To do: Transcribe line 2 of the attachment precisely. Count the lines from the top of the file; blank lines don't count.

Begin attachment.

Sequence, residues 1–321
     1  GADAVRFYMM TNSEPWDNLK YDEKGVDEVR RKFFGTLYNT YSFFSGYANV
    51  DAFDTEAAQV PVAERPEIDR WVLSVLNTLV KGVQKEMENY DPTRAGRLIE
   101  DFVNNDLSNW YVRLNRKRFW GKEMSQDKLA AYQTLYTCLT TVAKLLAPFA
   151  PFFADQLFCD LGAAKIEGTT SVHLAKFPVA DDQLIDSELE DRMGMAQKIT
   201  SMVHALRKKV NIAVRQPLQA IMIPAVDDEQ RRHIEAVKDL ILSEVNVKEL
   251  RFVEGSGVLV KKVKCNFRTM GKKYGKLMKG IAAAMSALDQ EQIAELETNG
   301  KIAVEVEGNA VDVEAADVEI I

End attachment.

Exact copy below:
     1  GADAVRFYMM TNSEPWDNLK YDEKGVDEVR RKFFGTLYNT YSFFSGYANV